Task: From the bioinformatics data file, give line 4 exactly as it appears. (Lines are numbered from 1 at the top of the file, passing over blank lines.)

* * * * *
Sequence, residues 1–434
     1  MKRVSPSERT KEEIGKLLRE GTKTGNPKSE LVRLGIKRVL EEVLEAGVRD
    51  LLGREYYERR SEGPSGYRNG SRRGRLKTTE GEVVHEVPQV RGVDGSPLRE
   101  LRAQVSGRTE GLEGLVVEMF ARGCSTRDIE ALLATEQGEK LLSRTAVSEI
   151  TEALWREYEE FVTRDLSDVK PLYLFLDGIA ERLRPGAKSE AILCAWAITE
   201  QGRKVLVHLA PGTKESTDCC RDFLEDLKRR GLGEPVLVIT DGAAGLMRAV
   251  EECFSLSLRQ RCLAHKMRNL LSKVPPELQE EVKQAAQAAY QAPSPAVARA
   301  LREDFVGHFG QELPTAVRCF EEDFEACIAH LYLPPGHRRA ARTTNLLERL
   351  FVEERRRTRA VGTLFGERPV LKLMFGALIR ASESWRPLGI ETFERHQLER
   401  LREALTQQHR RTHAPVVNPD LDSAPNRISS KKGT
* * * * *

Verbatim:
   101  LRAQVSGRTE GLEGLVVEMF ARGCSTRDIE ALLATEQGEK LLSRTAVSEI